MM BMSC-induced NF-κB activity is mediated by a factor that is distinct from many known BMSC products. (A) NF-κB EMSA of RPMI8226 cells treated with TNFα and/or anti-TNFα neutralizing antibody (left panel), or cultured alone or with BMSCs with the addition of increasing concentrations of anti-TNFα neutralizing antibody as indicated (right panel). (B) NF-κB EMSA of RPMI8226 cells treated with increasing concentrations of recombinant human SDF-1α (top left panel) or RPMI8226 cells cultured alone or with BMSCs with the addition of anti-SDF-1α or anti-IGF-1R neutralizing antibodies where indicated (top right and bottom panels). (C) EMSA of NF-κB DNA-binding in RPMI8226 cells treated with increasing concentrations of recombinant IL-6 as indicated. NF-κB dimers for A-C are labeled as before. (D) Relative mRNA (left panels) and protein levels (pg/mL, right panels) measured by qRT-PCR and ELISA, respectively, of BAFF and APRIL expressed by BMSCs derived from the indicated MM and non-MM patients. Standard deviations are represented by error bars for qRT-PCR with n = 3.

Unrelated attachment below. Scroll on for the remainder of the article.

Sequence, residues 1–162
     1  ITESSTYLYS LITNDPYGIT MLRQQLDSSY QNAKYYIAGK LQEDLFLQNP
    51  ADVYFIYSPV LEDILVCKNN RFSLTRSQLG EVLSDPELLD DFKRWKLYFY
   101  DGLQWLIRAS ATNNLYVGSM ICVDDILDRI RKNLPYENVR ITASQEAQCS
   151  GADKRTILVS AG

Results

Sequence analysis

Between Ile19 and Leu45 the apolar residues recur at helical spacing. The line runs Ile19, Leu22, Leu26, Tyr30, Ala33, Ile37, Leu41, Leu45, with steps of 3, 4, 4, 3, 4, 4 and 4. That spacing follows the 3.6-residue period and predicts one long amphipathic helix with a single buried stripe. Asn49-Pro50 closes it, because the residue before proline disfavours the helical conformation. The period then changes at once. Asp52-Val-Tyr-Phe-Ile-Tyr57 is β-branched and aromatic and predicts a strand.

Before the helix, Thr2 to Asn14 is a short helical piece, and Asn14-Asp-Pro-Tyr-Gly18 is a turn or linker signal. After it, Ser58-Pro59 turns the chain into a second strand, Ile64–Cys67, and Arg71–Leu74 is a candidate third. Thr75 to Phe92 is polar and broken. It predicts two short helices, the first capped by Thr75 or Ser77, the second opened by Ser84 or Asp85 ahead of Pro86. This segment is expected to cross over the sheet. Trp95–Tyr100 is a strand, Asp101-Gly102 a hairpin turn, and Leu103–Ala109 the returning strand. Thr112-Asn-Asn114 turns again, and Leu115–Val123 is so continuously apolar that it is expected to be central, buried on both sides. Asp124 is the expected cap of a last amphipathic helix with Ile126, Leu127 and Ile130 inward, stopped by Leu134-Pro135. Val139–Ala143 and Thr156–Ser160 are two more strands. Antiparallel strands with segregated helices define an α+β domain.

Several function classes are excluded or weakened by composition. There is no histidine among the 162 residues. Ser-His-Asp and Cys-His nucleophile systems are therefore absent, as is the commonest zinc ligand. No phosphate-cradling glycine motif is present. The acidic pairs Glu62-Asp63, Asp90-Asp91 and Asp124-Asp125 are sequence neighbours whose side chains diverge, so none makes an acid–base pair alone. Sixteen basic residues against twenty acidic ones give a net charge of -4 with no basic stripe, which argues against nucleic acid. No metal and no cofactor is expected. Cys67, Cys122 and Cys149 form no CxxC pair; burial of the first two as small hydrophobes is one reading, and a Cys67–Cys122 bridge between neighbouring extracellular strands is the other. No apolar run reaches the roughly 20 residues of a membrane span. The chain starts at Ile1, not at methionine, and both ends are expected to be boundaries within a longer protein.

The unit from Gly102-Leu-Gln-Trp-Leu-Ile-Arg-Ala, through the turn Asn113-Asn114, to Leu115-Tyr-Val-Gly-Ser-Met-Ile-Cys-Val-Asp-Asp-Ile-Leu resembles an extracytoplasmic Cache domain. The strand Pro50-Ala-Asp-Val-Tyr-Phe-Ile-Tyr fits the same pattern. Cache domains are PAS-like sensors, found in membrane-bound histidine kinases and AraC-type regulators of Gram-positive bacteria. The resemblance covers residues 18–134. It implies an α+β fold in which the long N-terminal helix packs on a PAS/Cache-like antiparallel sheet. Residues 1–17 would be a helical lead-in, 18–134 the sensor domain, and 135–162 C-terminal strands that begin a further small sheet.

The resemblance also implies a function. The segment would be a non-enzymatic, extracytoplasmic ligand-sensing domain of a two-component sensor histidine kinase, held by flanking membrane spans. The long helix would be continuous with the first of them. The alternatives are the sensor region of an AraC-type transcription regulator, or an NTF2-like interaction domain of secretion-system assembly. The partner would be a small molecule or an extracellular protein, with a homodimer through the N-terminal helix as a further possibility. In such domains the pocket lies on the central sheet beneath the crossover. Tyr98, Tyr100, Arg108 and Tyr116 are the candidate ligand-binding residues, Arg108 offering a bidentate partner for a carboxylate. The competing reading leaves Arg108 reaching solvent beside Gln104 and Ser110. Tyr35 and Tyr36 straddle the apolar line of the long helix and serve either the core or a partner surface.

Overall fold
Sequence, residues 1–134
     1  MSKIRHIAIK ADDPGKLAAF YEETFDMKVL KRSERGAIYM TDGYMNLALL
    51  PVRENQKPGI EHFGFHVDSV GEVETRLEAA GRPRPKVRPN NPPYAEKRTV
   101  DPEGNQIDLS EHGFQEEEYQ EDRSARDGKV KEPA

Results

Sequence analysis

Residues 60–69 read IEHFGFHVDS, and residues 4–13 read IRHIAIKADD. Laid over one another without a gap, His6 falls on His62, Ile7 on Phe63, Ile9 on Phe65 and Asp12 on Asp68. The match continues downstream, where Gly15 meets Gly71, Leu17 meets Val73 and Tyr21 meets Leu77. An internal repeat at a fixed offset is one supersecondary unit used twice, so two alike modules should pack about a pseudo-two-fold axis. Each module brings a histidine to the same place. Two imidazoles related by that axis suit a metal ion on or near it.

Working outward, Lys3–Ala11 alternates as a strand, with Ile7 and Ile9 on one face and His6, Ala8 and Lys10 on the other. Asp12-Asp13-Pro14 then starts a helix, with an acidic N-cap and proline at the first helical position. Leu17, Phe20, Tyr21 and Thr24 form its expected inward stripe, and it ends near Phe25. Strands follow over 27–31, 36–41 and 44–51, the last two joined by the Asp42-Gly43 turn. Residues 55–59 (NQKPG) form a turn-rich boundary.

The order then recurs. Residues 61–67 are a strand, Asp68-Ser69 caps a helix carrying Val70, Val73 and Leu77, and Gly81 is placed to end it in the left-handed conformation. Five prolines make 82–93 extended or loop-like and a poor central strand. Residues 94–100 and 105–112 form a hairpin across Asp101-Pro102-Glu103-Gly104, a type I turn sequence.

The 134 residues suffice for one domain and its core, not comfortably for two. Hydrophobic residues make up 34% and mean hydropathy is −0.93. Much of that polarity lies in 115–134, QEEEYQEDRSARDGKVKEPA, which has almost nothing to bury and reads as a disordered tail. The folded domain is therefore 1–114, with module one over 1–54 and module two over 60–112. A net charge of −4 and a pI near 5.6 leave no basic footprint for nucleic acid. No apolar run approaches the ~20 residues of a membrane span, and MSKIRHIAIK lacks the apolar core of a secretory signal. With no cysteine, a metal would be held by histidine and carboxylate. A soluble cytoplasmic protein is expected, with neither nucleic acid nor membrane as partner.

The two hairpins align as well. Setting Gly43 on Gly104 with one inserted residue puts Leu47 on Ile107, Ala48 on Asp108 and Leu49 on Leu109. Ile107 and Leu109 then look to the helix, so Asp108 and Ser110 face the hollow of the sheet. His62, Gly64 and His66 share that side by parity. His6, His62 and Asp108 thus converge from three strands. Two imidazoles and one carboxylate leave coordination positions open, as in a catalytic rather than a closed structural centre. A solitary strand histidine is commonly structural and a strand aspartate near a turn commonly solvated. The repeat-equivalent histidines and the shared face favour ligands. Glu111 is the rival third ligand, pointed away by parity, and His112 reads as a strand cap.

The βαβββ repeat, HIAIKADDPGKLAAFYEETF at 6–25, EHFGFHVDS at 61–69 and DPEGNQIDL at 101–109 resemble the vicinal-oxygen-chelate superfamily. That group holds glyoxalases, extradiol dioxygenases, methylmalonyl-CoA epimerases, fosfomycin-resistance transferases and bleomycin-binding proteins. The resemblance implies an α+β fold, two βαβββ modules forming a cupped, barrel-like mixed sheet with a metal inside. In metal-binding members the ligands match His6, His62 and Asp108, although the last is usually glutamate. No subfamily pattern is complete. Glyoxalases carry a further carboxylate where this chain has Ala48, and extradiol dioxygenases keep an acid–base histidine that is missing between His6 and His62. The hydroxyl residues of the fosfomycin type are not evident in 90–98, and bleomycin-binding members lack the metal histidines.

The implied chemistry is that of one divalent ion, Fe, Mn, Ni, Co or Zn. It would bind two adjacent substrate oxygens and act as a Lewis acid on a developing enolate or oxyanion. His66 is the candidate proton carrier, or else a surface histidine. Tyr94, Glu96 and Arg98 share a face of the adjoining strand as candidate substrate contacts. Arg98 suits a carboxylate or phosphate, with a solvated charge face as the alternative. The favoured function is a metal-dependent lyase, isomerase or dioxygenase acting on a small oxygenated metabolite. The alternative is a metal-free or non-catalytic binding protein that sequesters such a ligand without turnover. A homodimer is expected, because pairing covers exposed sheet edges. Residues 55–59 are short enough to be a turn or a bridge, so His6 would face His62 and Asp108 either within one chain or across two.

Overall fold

Range and standard deviations of MM BMSC secretion of many cytokines is greater than those of non-MM BMSCs. Levels of cytokines measured in the cytokine array with conditioned media from each BMSC in the MM (open circles) and non-MM (closed circles) group. Cytokines for which the range and standard deviation was greater in the MM group than the non-MM group are indicated by single stars. Cytokines for which removal of a single outlier point in the non-MM group makes the range and standard deviation greater for the MM group are indicated with double stars.
Grant Support: Predoctoral NIH Fellowship in Hematology Research T32-HL07899 and NIH individual F30-AG029714-02 (S. Markovina), NIH grant R01-CA08106, Multiple Myeloma Research Foundation Senior Investigator Grant, University of Wisconsin Trillium Foundation Grant, Shaw Scientist Award from Milwaukee Foundation (S. Miyamoto), NIH/NHLBI K08 HL081076 from NHLBI, NIH, University of Wisconsin Carbone Cancer Center Trillium Fund for Multiple Myeloma (P. Hematti), P30 CA014520 from NCI, NIH (K. Kim).
We thank the Miyamoto lab members for helpful discussion, and the Department of Hematology Clinical Trials Staff for help with IRB protocols and sample acquisition. We also thank Richard Burgess, PhD for his expert guidance in the purification of the stromal derived factor.